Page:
I would give up a 2nd place anyday to have an teammate take first but the cycling Gods were not all the way with us today. I know a lot of teams had problems with flats and crashes, and it is the reality, but no fun part of our sport.

Karen Kurreck & Pam Schuster's reports courtesy of


Men - 223 km

1 Antonio Cruz (USA) Saturn                            5.21.32 (41.61 km/h)
2 Derek Bouchard-Hall (USA) Mercury Cycling Team
3 Frankie Andreu (USA) US Postal Service
4 Frank Mccormack (USA) Saturn
5 Dylan Casey (USA) US Postal Service
6 Danny Pate (USA) Saeco-Valli-Valli
7 Trent Klasna (USA) Saturn                               0.07
8 Chris Pic (USA) Mercury Cycling Team
9 Mark Mccormack (USA) Saturn                             0.11
10 John Peters (USA) Mercury Cycling Team                 0.20
11 Will Frischkorn (USA) Mercury Cycling Team             0.27
12 David McCook (USA) Shaklee-Marin                       0.57
13 Michael Sayers (USA) Mercury Cycling Team
14 Kevin Monahan (USA) 7up-Colorado Cyclist
15 David Clinger (USA) Festina
16 Steve Sevner (USA) Zaxby's
17 Mark Light (USA) Team Snow Valley
18 Steve Tilford (USA) Jogmate-Shimano
19 John Lieswyn (USA) Shaklee-Marin
20 Jessie Lawler (USA) Zaxby's
21 Ryan Barnett (USA) Zaxby's
22 Paul Read (USA) Shaklee-Marin
23 Brian Fagan (USA) Mercy Cycling
24 Paul Martin (USA) Navigators
25 Jonathan Wirsing (USA) Team Snow Valley
26 Tim Larkin (USA) Gs Lombardis
27 Luke Mauritsen (USA) Shaklee-Marin
28 Steven Mlujeak (USA) Jamis-Columbus Group
29 Dirk Friel (USA) Jet Fuel
30 Ainslie Maceachran (USA) Galaxy Sports Marketing
31 Jay Moglia (USA) Ncvc-Spokes
32 Mark Southard (USA) Fcrc-New Belgian-Trek
33 Scottie Weiss (USA) Zaxby's
34 Colby Pearce (USA) Shaklee-Marin
35 Jason Vanmarle (USA) Nutra-Fig
36 Marty Jemison (USA) US Postal Service
37 Seth Pelusi (USA) Saturn
38 Clark Sheehan (USA) 7up-Colorado Cyclist
39 Adam Livingston (USA) Jelly Belly
40 Lane Packwood (USA) US Army
41 Jason McCartney (USA) Nutra-Fig
42 John Hunt (USA) Lombardi Sports-Ofotd
43 Roy Knickman (USA) Mercury Cycling Team
44 Dave Aschwanden (USA) Planet Outdoors.Com
45 Chris Wherry (USA) Saturn
46 Christian Davenport (USA) River City Racing Club
47 Robbie Ventura (USA) Saturn
48 Andrew Crater (USA) Breakaway Courier Systems  Crca
49 Steve Speaks (USA) 7up-Colorado Cyclist
50 Kirk Willett (USA) Mercury Cycling Team
51 Dale Sedgwick (USA) Grand Performance
52 Aaron Quesnell (USA) La Wings-Reynolds                 1.01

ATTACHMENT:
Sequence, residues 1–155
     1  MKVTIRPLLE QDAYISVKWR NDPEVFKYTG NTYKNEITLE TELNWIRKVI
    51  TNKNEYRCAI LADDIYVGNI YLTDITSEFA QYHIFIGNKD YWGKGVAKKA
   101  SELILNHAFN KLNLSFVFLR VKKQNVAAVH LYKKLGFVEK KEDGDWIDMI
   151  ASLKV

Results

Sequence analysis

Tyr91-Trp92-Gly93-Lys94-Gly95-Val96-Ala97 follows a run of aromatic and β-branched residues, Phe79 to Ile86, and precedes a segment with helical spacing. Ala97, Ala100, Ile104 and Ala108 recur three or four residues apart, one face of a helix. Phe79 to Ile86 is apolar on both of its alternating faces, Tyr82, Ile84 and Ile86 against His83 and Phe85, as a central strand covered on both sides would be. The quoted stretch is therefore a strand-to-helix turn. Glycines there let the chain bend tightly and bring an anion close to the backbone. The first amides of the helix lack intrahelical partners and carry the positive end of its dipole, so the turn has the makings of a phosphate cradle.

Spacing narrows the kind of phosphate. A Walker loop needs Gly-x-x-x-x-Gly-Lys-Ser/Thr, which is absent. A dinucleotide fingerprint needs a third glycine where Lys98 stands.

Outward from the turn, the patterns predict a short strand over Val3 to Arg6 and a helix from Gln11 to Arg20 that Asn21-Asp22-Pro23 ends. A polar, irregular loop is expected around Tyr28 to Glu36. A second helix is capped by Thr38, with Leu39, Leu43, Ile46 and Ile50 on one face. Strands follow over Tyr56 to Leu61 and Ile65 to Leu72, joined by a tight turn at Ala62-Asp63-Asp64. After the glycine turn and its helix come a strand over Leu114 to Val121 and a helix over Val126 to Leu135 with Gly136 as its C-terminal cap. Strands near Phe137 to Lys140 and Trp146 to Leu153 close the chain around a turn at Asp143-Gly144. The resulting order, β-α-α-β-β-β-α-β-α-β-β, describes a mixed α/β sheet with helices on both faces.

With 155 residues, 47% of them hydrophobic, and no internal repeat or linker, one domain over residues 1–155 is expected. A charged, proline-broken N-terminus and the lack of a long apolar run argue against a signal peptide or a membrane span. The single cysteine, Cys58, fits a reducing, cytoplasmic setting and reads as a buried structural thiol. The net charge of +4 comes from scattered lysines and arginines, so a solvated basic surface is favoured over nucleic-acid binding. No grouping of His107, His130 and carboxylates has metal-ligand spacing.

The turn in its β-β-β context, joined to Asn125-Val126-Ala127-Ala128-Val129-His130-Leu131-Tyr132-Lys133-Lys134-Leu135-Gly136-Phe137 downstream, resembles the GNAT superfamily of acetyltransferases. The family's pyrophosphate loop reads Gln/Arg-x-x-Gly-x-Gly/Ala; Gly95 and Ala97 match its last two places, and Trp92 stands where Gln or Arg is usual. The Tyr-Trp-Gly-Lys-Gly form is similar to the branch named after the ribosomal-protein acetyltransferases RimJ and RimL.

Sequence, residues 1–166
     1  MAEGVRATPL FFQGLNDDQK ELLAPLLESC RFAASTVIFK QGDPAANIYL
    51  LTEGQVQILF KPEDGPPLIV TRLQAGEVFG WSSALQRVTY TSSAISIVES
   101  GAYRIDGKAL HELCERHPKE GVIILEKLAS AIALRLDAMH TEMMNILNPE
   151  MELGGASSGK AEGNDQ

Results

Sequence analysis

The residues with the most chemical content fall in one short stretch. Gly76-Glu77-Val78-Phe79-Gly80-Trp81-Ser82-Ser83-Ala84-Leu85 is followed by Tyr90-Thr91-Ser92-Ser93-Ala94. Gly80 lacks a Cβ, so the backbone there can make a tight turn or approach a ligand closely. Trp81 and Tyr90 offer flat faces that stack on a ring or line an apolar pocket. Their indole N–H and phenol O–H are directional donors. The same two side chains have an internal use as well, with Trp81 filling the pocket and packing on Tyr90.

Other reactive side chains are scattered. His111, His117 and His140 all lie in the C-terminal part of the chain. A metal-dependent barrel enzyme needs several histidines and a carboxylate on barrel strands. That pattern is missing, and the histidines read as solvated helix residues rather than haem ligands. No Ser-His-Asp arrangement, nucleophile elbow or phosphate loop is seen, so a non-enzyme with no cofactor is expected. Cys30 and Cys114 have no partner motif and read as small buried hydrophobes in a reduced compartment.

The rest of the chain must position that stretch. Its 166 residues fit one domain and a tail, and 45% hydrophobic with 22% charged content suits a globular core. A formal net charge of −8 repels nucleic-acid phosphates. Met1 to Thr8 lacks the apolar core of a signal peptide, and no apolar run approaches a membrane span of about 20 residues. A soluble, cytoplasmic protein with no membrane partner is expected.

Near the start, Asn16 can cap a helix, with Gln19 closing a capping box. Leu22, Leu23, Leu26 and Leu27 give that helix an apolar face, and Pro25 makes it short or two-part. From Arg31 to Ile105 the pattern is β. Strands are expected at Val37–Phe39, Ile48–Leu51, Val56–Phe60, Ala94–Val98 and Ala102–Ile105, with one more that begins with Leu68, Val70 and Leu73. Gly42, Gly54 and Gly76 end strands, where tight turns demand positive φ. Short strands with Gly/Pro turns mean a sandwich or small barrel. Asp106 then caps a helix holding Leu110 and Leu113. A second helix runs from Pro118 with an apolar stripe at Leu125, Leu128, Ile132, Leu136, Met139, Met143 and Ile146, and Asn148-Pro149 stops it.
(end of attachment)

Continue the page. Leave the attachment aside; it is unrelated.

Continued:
53 Todd Littlehales (USA) Navigators
54 Chris Horner (USA) Mercury Cycling Team
55 Mike Creed (USA) 7up-Colorado Cyclist                  1.22
56 Jonathan Hastings (USA) Rbm Mercedes-Benz              1.42
57 Eddy Gragus (USA) Jelly Belly                          4.53
58 Max Miley (USA) Richardson Bike Mart                   5.25
59 David Wenger (USA) Shaklee-Marin                       6.40
60 John Kavn (USA) Bbc-Jetworks                           7.25
61 William Nehr (USA) Ochsner                             8.04
62 Dean Laberge (USA) Eachelon Wines                      9.37
63 Earendel Fingerson (USA) City Scape-Higher Gear
64 Kirk Albers (USA) Jelly Belly                         11.47
65 Christopher Baumann (USA) Park City                   13.24
66 Mason Rickard (USA) Planet Outdoors.Com               13.59
67 Brian Stangel (USA) Ochsner

Women - 104.5 km

1 Nicole Freedman (USA) Charles Schwab                 2.38.56 (39.45 km/h)
2 Pam Schuster (USA) 
3 Mina Pizzini (USA) Team Procter & Gamble 
4 Jen Dial (USA) Proteus.ASI 
5 Kim Smith (USA) Timex 
6 Julie Hanson (USA) Saturn                               0.05
7 Kim Morrow (USA) Int'l Christian                        0.09
8 Tina Mayolo (USA) 
9 Jenny Eyerman (USA) Jane Cosmetics 
10 Karen Dunne (USA) Team Elita
11 Mary Mclaurin (USA) GCCA
12 Kori Kelly (USA) Team Procter & Gamble
13 Katrina Berger (USA) Charles Schwab
14 Dede Demet-Barry (USA) Saturn
15 Heather Peck (USA) Independent Fabrication
16 Karen Kurreck (USA) Alto Velo
17 Sherri Stedje (USA)
18 Cheryl Binney (USA) Team Procter & Gamble
19 Suzanne Sonye (USA) Saturn
20 Laura Van Gilder (USA) Charles Schwab
21 Cindy Carroll (USA)
22 Jenna Loyd (USA)
23 Rebecca McClintock (USA) Jane Cosmetics 		(1st U23)
24 Cynthia Ferguson (USA)
25 Kerry Helmuth (USA) Team Procter & Gamble
26 Elizabeth Morse (USA) Team Ameritech 		(2nd U23)
27 Alison Bergeson (USA)
28 Mari Holden (USA) Timex
29 Aimee Gould (USA)
30 Jessica Phillips (USA)				(3rd U23)
31 Meredith Frommer (USA) Capitol Velo/TDS Telecom
32 Kimberly Bruckner (USA)
33 Tina Skelley (USA) Altoona Cycling Team
34 Heather Woodhouse (USA) Ameritech			(4th U23)
35 Ann Marie Miller (USA)
36 Katrina Davis (USA) Independant Fabrication/Wheel
37 Lauren Gilliland (USA) Team Latte			(5th U23)
39 Anya Hinkle (USA)
40 Wendy Webb (USA) ABP Velo Racing
41 Amy Matson-Hyland (USA) Team Mack